Anyway I think the couple liked the argument, the lady gave me a Werther’s Original

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14 thoughts on “Sorting the monkeys at your circus, all for a Werther’s Original.

  1. Alicia Butcher Ehrhardt September 18, 2016 at 10:14 pm Reply

    God must love gay people. He made them.

    • jwebster2 September 19, 2016 at 6:17 am Reply

      Given he made all of us, and then gave us free will, I think I can understand why he feels humility is important 🙂

      • Alicia Butcher Ehrhardt September 19, 2016 at 7:34 am

        Free will is a tough gift. I kind of get why it’s necessary, but the side effects of choosing wrong are so heavy.

      • jwebster2 September 19, 2016 at 7:42 am

        But it’s got to be your choice, otherwise you’re not a person, just an automaton, just DNA frantically seeking ways to ensure replication.

      • Alicia Butcher Ehrhardt September 19, 2016 at 8:06 am

        I’ve been sitting here for four hours trying to make the simple choice to go to bed.

        I made a promise to myself not to speak ill of our new priest – and had broken that promise with each of the two people at home almost as soon as I saw them.

        I have the willpower of a zombie – the energy level is so low it cannot make decisions.

        Do I get a free pass?

        I’m so tired of not being physically able to simple make a decision.

      • jwebster2 September 19, 2016 at 8:53 am

        I think that the phrase ‘sinners saved by grace’ covers most things 🙂

      • Alicia Butcher Ehrhardt September 19, 2016 at 2:29 pm

        Maybe, instead of being annoyed that I need so much saving, I should boast, like St. Paul, that I am weak so God can show his might.

        It is annoying to be weak. Probably good for the soul. Like kintsugi, the ‘Japanese art of repairing broken pottery with lacquer dusted or mixed with powdered gold, silver, or platinum.’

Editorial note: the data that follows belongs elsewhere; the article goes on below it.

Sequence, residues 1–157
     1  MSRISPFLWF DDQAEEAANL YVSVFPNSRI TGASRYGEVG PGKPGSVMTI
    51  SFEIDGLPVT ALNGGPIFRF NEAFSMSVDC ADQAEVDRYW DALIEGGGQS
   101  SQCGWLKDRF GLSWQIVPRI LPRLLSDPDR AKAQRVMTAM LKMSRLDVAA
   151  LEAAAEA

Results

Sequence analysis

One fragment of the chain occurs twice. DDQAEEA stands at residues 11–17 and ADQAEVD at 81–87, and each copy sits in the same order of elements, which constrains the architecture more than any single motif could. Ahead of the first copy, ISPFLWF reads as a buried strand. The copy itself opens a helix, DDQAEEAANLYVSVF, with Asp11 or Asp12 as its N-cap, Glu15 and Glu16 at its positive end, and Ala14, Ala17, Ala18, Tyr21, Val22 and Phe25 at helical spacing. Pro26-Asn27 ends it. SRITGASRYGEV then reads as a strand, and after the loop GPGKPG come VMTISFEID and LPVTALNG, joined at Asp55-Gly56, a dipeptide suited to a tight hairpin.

• jwebster2 September 19, 2016 at 4:35 pm

        “My grace is sufficient for you, for my power is made perfect in weakness.”

      • Alicia Butcher Ehrhardt September 19, 2016 at 4:45 pm

        Exactly. We had that reading not long ago, and it gave me comfort.

        All we have to do is to keep trying to follow. Fortunately, it doesn’t matter how many times we fail.

      • jwebster2 September 19, 2016 at 5:27 pm

        which is lucky really

  2. Mick Canning September 19, 2016 at 9:24 am Reply

    I think your post nicely sums up the situation, Jim.

  3. lercio October 21, 2016 at 12:27 am Reply

    My Son was married in the Judges Chamber (unused) upstairs in the Green Dragon, Hereford, and the wedding photographs were in front of the Cathedral.
    However my nephews were pleased that the reception was in the Green Dragon.
    He’d lived in London for ten years and it’s difficult to get a church wedding in the in laws town if they don’t go to church.
    I suppose if he’d tried hard enough he could have sorted it out, but patience isn’t a strong point, however he has a twelve year old son.
    I’m really going to enjoy the next few years 😉

    • jwebster2 October 21, 2016 at 8:11 am Reply

      The most important thing about any marriage is the two people who decide to go in for it. The venue is secondary, very much so.
      Interestingly the Church, going back to Paul, has always fully accepted civil marriage. But if someone isn’t part of a church community, why on earth bother getting married in church? The marriage isn’t going to be better or stronger or more or less blessed by God. The whole idea of having a marriage in a church is that you’re celebrating the event with the rest of your church community.